The leadership in China has always been good at inventing melodious concepts, the exact meaning of which remained vague. In the initial phase, this hundred flower speech was called the four freedoms. Since Xi Jinping there has been talk of the “Chinese Dream”, the “New Silk Road” and now the “Two Circles”. The tagged campaigns sound good with the people, at the same time their content is so vague that you can imagine everything and nothing under it.
The fifth plenary session of the 19th Central Committee of the Communist Party of China met from Monday to Thursday. It adopted the 24th Five-Year Plan, a kind of blueprint for economic development over the next five years. While precise GDP growth targets have often been issued in recent years, this time more general models have been formulated. By 2035, for example, the country should achieve “socialist modernization”.
With the “China 2025” strategy, for example, the CP wants to promote ten key industries in order to become leaders there. The “Dual Circulation Theory” should help. The model of the two cycles can be understood as Beijing’s answer to Washington’s “decoupling”, the economic unbundling of the two largest economies.
China’s dual strategy
One cycle is the old one, which is supposed to take a backseat in times of tension with the USA: In this cycle, Beijing is still firmly integrated into international trade flows. It imports raw materials from Australia, Africa and South America and floods global markets with cheap goods – most of them from the economically potent and export-oriented Pearl River Delta with the cities of Shenzhen and Hong Kong.
The other cycle, the inner one, should grow. Here, Chinese companies produce for Chinese consumers – foreign companies are only marginally involved. If this cycle grows proportionally, the other inevitably decreases.
None of this is new. It is well known that domestic consumption in China should and is growing. Fifteen years ago, exports represented 60 percent of China’s gross domestic product. This share has decreased to 17 percent.
For years, foreign analysts and Chinese executives have been pointing out that China’s growth potential lies in its new middle class. Hundreds of millions of people have moved from the countryside to the cities since the 1980s. Their share rose from 19 percent in 1980 to 58 percent in 2017. The process did not always go smoothly. Unlike in India or other emerging countries, a prudent policy of the central government could avoid slum formation. With the move to the city, salaries rose – between 2001 and 2015 by an average of eleven percent per year. Many new city dwellers managed to rise from poverty to the lower middle class. Today there are between 400 and 600 million.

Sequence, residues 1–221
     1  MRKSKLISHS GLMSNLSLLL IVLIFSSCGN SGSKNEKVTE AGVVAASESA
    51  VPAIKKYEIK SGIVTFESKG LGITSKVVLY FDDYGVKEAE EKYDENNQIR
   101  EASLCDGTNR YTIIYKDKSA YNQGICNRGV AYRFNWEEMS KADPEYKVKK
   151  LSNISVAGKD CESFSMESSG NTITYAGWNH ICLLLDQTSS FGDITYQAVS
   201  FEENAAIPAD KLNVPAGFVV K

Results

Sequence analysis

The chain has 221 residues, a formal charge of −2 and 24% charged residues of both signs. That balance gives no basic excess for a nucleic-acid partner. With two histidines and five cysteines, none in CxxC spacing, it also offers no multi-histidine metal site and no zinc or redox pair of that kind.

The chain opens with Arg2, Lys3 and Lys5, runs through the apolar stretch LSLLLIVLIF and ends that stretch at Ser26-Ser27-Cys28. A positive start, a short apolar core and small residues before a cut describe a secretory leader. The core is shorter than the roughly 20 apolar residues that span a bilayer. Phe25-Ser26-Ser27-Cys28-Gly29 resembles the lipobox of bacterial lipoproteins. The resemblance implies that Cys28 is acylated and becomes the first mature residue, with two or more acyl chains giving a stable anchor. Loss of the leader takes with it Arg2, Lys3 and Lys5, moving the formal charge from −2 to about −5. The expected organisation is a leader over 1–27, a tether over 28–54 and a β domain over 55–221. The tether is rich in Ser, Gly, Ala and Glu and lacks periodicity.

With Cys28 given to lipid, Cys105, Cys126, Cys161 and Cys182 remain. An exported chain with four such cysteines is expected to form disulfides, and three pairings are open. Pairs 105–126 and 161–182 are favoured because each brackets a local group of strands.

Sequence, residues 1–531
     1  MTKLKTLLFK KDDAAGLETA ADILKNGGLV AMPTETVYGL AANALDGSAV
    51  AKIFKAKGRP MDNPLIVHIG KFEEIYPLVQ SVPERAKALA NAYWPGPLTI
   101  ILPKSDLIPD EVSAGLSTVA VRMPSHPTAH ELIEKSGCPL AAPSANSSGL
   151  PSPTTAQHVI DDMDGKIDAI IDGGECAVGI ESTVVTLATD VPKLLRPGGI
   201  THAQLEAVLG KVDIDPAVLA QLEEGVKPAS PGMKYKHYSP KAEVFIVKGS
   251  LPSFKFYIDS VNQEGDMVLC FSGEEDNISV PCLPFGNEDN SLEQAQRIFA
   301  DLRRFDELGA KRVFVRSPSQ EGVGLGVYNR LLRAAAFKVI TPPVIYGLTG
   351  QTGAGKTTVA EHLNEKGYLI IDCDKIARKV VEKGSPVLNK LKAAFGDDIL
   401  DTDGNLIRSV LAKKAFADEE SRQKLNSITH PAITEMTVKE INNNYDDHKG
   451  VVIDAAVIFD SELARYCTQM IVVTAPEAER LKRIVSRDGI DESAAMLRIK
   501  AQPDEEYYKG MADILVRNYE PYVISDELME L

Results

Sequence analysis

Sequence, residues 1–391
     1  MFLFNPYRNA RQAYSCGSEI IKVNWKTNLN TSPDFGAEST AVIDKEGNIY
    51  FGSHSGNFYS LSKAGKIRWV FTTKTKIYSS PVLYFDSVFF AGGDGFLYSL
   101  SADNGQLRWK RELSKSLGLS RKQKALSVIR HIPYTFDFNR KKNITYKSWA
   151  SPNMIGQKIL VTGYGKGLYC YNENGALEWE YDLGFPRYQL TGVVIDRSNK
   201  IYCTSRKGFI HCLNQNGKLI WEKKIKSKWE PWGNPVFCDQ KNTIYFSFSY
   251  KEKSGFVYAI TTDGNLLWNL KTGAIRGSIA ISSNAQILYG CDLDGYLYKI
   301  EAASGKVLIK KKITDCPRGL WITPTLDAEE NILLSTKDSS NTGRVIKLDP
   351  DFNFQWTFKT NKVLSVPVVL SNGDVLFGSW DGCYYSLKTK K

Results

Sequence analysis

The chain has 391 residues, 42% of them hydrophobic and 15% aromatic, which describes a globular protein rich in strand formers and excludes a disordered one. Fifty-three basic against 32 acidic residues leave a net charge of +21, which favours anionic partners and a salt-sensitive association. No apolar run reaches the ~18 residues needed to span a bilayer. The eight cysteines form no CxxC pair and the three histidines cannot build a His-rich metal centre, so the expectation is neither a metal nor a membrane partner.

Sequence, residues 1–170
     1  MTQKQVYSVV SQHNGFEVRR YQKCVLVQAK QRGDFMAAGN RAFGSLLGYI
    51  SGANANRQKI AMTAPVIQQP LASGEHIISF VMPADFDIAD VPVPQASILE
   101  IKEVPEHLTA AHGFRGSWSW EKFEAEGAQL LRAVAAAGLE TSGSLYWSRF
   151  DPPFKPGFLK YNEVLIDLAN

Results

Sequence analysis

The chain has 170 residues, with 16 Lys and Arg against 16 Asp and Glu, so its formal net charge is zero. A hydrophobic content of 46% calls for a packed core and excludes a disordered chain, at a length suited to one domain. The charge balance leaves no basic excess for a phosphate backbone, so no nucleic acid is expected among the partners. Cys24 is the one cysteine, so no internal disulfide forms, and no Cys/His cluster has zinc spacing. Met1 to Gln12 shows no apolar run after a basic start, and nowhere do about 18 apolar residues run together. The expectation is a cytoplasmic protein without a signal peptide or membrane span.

The process is ongoing. While in the past few years it was mainly the big metropolises on the east coast such as Shanghai, Beijing, Guangzhou and Shenzhen that boomed, the so-called Tier2 and Tier3 cities should ensure the upswing in the coming years. These include provincial capitals and smaller large cities such as Zhengzhou, Xiamen or Wenzhou.
Different app worlds
The fact that China’s economy can and must grow primarily through the willingness of its own residents to consume is nothing new. Added to this, however, is the growing conflict with the USA. Even under President Biden, Washington’s decoupling policy is unlikely to change much. Beijing has to react to that.
What an economy that is decoupled from the rest of the world can look like today is perhaps best seen if you try to use your smartphone within China. The services that are so essential in the West such as Whatsapp, Facebook, Instagram, Google, Youtube and Twitter do not work. If you still want to use it, you need a Virtual Private Network (VPN), which, however, slows down the flow of data. Instead, the super apps Wechat and Alipay are omnipresent in the People’s Republic – for paying, communicating or buying a plane ticket. Those who do not have it are almost lost in everyday life.
According to the “Macro Polo” consultancy, these tendencies will increase in the coming years. “By 2025, China’s technological ecosystem will have matured and caught up with Silicon Valley in terms of dynamism, innovation and competitiveness”, states the recently published study “Forecast 2025: China Adjusts Course”. “China will largely succeed in building a strong new infrastructure – cloud computing, 5G networks, smart cities and surveillance networks to ensure the transition to the industrial internet.” US export controls could only slow this process down.
Incidentally, German companies have been relying on China’s buyers for years and are increasingly becoming part of the “inner cycle”: “German” cars have long been completely developed, designed, built and sold in China. In the first half of 2020, Volkswagen will generate 42 percent of its sales in China, BMW 34 percent and Adidas 24 percent. On paper this may drag some companies through the crisis – but in fact they have long since become dependent on Beijing.
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